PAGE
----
Hot answers tagged

39

I've built this desk twice. It costs me ~$100 USD in materials: And here is my version of the desk: You can adjust it, but it is a little difficult. However, you can fit a modified treadmill under it as you can see in this video of me using the desk. I'm able to type comfortably while walking at 2.2 MPH. If I may presume that the reason you want a ...


30

I recommend Kim Stanley Robinson's Bibliography, fleshed out with some Frank Herbert, and a large solid hardback for the top; I'm using 'The Pythons' in the case, but gardening and DIY manuals are equally good candidates. Fine tuning can be done with Asimov, Van Vogt, Niven, or Simak. You may be tempted to use Ian Livingstone and Steve Jackson, but they're ...


20

ApplePly is a brand name for an all-hardwood veneer plywood that is higher quality than your typical construction or cheap hardwood plywoods. (You may want to confirm that your "applewood" plywood is truly ApplePly). ApplePly should be similar in quality to baltic birch plywoods and like baltic birch it is not supposed to contain voids. You can find these ...


20

Of course you can, and it's very easy to do. All you need is an appropriate hole saw. Drill from the top down. If you can, hold or clamp a piece of scrap wood under where you are cutting. That will prevent the bottom from splintering. Then to make it really look nice (and prevent any future splinters) you'll want a desk grommet that slips inside the ...


14

I'd make a template in the shape of a square donut out of 1/2" plywood by using a table saw to cut out the square hole in the 1/2" plywood. For example, if ... i) the recess in the desktop needs to be 8"x12" ii) the diameter of the base of the router is 6" iii) the diameter of the router bit is 1/2" ... then I'd ... 1) start with a rectangular piece ...


10

Cam and follower Gears Hoist Lever Linear actuator Ball screw Hydraulic cylinder Jackscrew Leadscrew Linear motor Pneumatic cylinder Rigid chain actuator Rigid belt actuator Roller screw Segmented spindle Telescopic cylinder Winch Scissors mechanism Windlass Weightlifter


8

You would need to mount wooden strips along the walls that screw into the studs. Then the desktop sits on top of those strips and is fastened from the underside to the strips. To achieve a more sleek look you could also consider the use of some lengths of aluminum angle iron that is screwed into the studs and into the bottom side of the desk surface. ...


7

Open it so it jams then back it off a bit, so whatever is causing the jam is not stuck. Then using a ruler, piece of cardboard, or other flat object, work it into the gap so it rests above the drawer contents and presses down on them (or just guides them) to free them from the drawer or frame above.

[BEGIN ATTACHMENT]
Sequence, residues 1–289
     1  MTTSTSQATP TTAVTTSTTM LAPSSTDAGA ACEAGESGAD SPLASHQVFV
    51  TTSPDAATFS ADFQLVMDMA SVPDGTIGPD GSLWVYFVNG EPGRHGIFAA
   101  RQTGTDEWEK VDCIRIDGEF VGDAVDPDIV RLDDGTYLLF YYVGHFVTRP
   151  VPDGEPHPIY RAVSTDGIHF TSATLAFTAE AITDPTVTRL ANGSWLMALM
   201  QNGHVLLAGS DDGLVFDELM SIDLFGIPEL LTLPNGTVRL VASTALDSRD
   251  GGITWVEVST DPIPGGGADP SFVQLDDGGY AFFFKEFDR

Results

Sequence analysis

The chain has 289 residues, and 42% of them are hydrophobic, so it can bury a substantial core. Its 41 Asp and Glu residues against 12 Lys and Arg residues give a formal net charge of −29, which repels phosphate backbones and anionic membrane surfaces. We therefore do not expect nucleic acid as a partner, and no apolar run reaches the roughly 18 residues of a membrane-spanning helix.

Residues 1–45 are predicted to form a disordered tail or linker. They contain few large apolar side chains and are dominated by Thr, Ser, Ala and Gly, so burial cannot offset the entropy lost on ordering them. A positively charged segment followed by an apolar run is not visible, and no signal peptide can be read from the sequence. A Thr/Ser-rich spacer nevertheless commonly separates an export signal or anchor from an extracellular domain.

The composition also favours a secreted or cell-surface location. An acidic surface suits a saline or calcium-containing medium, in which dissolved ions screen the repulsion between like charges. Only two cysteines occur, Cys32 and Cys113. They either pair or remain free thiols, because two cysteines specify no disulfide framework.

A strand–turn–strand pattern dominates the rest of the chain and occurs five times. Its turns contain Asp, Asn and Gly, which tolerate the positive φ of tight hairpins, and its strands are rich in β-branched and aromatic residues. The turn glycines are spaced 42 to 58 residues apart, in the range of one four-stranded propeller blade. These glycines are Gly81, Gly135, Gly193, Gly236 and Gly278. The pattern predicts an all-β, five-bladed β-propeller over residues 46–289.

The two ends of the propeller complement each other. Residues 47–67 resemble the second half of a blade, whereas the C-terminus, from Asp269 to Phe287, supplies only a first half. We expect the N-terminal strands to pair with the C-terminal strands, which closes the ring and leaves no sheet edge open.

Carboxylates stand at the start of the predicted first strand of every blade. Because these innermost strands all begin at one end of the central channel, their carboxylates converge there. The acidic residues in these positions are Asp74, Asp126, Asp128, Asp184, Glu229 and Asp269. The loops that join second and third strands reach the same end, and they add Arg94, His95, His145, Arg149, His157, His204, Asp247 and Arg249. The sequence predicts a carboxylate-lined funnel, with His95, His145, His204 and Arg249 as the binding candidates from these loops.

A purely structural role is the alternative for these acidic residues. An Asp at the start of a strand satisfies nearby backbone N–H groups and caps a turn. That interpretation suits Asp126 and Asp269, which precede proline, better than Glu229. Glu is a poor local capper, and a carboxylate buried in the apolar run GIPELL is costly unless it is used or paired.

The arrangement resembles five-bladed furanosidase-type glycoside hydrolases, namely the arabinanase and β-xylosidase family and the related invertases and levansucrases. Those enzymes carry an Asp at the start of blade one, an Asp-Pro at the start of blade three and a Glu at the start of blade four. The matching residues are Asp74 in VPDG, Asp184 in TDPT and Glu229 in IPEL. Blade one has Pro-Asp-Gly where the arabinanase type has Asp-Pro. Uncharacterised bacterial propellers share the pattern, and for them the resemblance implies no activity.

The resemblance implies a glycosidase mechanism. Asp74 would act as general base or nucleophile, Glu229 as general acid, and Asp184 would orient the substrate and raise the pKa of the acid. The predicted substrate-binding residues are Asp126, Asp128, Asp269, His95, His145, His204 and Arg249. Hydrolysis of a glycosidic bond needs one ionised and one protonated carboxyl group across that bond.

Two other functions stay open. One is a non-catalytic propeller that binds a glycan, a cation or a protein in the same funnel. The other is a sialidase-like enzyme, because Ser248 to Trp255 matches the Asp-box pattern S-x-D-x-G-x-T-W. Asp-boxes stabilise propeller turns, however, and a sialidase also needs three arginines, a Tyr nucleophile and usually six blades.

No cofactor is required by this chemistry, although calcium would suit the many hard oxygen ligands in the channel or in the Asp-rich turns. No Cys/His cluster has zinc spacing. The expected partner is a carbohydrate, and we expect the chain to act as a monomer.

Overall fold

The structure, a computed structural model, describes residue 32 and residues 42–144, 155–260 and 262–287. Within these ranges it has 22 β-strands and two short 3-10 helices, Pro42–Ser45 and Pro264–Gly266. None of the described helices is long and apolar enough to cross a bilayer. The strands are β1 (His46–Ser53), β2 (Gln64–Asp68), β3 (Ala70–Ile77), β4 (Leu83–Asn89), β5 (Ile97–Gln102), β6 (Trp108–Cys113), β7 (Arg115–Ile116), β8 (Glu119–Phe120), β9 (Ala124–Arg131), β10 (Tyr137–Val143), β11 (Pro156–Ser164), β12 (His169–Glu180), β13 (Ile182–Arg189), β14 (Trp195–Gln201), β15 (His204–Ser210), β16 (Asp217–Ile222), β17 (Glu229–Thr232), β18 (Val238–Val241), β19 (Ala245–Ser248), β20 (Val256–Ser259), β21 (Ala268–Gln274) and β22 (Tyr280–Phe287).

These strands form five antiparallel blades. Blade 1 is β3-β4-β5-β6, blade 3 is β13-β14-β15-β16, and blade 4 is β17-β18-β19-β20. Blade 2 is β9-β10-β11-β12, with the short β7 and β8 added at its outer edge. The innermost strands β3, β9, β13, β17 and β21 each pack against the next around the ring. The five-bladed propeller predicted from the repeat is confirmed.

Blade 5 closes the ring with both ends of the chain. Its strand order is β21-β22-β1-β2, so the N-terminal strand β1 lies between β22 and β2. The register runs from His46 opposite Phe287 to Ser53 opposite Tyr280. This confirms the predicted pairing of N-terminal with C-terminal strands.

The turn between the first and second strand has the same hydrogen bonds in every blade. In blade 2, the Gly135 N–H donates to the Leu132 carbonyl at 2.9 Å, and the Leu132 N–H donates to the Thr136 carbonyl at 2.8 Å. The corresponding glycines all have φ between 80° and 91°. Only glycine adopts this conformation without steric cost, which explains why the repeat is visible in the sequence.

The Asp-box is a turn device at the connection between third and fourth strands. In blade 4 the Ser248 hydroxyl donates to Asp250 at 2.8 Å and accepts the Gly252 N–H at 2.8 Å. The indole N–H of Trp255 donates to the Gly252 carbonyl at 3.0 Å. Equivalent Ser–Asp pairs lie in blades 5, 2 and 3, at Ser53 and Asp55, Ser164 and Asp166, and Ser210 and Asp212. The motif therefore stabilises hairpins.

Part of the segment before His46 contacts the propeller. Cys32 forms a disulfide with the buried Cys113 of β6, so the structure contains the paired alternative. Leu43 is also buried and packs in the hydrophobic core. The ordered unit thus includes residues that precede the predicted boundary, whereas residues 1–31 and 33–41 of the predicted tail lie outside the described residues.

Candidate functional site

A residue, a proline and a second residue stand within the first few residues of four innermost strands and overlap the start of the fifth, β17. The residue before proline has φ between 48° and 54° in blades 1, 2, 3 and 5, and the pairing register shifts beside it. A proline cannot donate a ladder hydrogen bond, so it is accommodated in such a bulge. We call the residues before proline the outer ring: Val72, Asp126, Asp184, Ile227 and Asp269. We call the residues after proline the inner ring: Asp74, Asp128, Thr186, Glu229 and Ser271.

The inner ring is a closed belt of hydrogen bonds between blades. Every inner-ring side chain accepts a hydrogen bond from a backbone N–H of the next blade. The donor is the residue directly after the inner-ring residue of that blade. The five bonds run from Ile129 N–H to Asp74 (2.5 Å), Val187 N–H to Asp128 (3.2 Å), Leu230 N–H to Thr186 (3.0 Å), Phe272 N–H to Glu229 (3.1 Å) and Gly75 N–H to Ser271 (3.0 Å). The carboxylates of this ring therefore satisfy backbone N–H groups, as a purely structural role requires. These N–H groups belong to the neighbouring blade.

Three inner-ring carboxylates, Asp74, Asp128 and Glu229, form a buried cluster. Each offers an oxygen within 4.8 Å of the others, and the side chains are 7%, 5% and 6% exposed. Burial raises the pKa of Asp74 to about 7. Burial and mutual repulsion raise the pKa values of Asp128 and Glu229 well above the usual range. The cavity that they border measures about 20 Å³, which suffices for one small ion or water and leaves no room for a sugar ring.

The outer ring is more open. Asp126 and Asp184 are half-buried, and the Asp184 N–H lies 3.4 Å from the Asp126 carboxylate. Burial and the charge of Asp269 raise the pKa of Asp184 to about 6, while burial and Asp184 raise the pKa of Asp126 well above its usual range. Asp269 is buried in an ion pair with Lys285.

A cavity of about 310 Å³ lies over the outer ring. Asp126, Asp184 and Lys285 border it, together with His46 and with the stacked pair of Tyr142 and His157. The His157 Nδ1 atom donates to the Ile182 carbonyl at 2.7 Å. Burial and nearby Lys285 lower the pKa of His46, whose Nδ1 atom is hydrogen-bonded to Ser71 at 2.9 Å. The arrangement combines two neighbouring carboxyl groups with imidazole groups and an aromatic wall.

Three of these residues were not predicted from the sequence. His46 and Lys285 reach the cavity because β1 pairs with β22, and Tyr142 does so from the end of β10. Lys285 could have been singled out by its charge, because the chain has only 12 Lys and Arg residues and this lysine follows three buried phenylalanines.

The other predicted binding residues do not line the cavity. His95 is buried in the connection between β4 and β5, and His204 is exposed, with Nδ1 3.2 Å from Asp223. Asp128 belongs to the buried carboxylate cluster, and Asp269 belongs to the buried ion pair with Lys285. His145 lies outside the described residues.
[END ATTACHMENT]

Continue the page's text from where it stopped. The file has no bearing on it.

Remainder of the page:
7

I'm a programmer and I currently use a drafting table as an adjustable standing desk. I wanted something that I could use in both sitting and standing position. The table I'm using is similar to the model shown here: I can adjust the height by loosening the knobs and sliding the upper section upwards. The tabletop can be adjusted to be horizontal. This ...


6

L Brackets are not going to be a good idea for this type of project. As a minumum you will need to have a triangle type bracket - if you can find something large enough. If you want to avoid any type of legs right at the front edge you could build your own equivalent of a triangle bracket out of wood. If I was setting out to make a built in unit mounted ...


6

I've always been interested in this and always thought the easiest way would be to use a cantilever design and a weight on one end that would allow easy adjustment up and down. Then you'd only need a friction knob to hold it in place. If the weight on top of the desk changed, you would just adjust the weights on the lever.


6

A frequently used bit is a Forstner style bit, which drills (nearly) flat bottomed holes. . For the smaller sizes (< 1/2 inch, <13mm) , a brad point bit is also usable and also (nearly) flat bottomed. Because these bits are minimally guided by a central drill point, use in a drill press is recommended (to prevent sideways drift). Careful use ...


6

MDF is essentially a sponge when it comes to painting it. So the first thing you need to do is prime it properly so that it doesn't absorb the paint. To prime it properly, use a non-water-based primer. These are known as solvent-based primers, or, more commonly called "oil-based" primer. If you use a water-based primer, you end up with the sponge problem......


6

Drill type saws that use a center pilot bit and an outer toothed ring attachment is called a hole saw. They come in a variety of types and qualities, the best being those with three parts - cup-like outer saws, center bits, and mandrels that hold them together and attach to a drill. It is also important to get the type of saw proper for the material being ...


5